CES: Few surprises at Ballmer’s last keynote

CES: Few surprises at Ballmer’s last keynote

CES: Few surprises at Ballmer’s last keynote
February 11
08:18 2016

CES: Few surprises at Ballmer’s last keynote

So there was no mention of the Xbox 720 after all. (I got that one right, I guess.) Instead, Steve Ballmer used his final CES keynote speech to talk about Windows Phone, Windows 8, and Xbox Kinect.

In fact the biggest announcement as far as I was concerned was the news that Kinect is now officially coming to Windows, although others were more interested in the announcement of the 4G Nokia Lumia 900 Windows Phone handset.

Actually, the real theme of the evening – if you resist the tempation to say ‘predictability’ – was the Metro interface made famous by Windows Phone 7 and now largely consistent across Windows 8 and Xbox Live. Indeed, Ballmer initially summed things up with the words ‘Metro, Metro, Metro’ – in a parody of his own ‘developers, developers, developers’ meltdown of years ago – before changing his mind and repeating the word Windows.

The final keynote

The big news in the buildup to CES was that Microsoft was pulling out – no more keynotes, no more booth, after 2012. In commemoration of this fact, CEA boss Gary Shapiro presented Ballmer with a large memento of the happy days.

Ballmer CES presentationWindows PhoneWindows 8 tabletWindows 8 tablet

There was some smart smart integration on the apps, too. One feature is called app contracts, and allows apps to talk to each other and share information (with your permission). So Reller used one app to find a recipe, then brought up the ‘Charms’ – simple, frequently accessed tools – by swiping from the left, and shared this information with a messenging app.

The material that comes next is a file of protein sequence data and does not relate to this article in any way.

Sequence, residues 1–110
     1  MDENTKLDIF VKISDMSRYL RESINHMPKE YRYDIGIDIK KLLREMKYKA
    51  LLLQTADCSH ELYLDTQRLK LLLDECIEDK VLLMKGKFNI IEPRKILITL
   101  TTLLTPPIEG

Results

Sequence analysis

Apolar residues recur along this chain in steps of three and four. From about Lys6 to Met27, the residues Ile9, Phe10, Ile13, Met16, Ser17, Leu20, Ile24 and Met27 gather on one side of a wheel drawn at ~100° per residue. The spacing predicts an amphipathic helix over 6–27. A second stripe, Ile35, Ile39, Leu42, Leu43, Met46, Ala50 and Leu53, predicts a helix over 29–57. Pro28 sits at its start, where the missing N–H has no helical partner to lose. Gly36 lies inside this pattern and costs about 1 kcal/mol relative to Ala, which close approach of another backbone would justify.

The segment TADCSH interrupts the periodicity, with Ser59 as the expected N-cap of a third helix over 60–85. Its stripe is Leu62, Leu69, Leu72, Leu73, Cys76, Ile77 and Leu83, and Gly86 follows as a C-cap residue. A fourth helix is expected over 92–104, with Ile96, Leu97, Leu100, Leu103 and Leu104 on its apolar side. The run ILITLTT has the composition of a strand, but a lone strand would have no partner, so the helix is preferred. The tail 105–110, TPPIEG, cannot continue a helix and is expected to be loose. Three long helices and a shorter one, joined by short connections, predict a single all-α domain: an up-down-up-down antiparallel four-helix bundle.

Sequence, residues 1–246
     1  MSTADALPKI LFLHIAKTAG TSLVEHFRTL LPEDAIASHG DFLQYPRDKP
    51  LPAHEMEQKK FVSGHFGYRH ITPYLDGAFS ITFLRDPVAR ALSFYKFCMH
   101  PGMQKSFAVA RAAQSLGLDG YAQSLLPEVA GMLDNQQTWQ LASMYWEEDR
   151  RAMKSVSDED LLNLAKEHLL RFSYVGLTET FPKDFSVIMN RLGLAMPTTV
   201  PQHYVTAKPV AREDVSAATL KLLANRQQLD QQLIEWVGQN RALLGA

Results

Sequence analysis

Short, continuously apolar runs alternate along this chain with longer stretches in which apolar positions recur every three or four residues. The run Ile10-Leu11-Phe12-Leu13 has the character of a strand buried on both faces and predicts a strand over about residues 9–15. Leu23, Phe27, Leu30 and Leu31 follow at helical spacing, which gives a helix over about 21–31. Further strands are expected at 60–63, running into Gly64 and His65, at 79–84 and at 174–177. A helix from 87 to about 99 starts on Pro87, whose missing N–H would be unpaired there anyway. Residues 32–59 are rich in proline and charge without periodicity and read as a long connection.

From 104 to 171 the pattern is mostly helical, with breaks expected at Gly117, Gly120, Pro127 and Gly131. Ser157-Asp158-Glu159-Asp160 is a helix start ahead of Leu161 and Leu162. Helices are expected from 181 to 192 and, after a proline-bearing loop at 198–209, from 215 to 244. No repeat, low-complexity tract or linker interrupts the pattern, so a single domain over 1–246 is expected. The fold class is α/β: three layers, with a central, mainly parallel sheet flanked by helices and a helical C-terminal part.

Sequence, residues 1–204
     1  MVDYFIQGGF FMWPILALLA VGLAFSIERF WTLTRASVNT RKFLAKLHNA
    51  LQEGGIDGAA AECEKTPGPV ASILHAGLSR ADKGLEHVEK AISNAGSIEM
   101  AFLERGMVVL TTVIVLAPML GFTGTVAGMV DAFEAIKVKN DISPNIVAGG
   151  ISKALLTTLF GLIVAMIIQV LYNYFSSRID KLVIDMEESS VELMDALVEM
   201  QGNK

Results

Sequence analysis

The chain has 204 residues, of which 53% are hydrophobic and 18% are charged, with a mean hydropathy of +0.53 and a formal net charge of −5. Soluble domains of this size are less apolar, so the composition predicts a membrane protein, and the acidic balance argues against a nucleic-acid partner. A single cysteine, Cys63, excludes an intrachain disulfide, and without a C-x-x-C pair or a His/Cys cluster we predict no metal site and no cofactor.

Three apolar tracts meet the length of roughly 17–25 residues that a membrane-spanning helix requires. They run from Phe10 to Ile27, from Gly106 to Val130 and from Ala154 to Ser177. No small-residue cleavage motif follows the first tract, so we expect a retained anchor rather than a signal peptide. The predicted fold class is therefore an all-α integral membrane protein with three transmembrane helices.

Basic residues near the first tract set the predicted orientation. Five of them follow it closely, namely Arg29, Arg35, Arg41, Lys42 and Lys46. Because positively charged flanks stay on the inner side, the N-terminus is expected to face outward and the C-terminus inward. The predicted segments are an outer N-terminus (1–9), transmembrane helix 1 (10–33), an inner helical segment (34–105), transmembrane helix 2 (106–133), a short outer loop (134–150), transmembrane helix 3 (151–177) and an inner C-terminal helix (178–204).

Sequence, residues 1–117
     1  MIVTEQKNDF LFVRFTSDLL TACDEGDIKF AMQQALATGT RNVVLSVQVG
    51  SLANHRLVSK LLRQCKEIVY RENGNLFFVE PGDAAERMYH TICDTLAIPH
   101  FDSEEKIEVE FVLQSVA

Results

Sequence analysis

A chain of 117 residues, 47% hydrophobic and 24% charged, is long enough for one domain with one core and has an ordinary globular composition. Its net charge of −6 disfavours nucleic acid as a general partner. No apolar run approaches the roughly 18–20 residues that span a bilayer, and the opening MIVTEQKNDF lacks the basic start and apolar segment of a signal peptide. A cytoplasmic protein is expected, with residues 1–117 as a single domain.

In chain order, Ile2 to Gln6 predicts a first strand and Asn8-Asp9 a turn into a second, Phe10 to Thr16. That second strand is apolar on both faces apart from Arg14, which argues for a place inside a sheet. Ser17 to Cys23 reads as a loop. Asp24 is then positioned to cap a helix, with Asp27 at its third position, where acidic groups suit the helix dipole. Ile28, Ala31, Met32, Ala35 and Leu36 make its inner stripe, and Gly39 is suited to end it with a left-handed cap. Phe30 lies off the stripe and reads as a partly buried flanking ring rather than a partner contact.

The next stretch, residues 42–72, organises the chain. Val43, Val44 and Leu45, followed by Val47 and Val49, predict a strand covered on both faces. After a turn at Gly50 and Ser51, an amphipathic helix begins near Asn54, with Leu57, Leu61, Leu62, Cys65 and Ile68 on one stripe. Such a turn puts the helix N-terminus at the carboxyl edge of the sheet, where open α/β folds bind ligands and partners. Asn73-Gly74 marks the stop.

The two apps could sit side by side, too – apparently apps are smart enough to know the optimal way to present their information alongside other apps.

Windows 8 isn’t ready yet, though, so there was plenty of talk about how great Windows 7 is – or rather, how great Windows 7 PCs have become, with a video of some desirable thin-and-light models available now. Ballmer claimed now is the perfect time to buy a Windows PC, because – and this is a great soundbite – every Windows 7 PC will be able to run Windows 8 from day 1.

Xbox Kinect

Microsoft seems to be very pleased with the way things are going with Kinect. So much so that it’s bringing the motion-sensing technology to Windows, as of 1 February. It’s going beyond gaming, too, with the developers working on Kinect-enabled applications including healthcare and automobile companies.

There were some interesting developments for Kinect showcased tonight. Tying in with the theme throughout the Xbox section of being an entertainment centre rather than a games console, we were shown an ‘interactive app’ for kids: Sesame Street.

It was hard to see exactly how it wasn’t a game, but I’d guess the difference is that new content is regularly produced in the normal TV fashion, but it’s just that the TV show can respond to actions detected by the Kinect. So when kids make throwing gestures at key points in the show, say, objects land in the characters’ hands. Microsoft called this ‘two-way TV’.

Again, this seemed pretty slick. It’s coming later this year.

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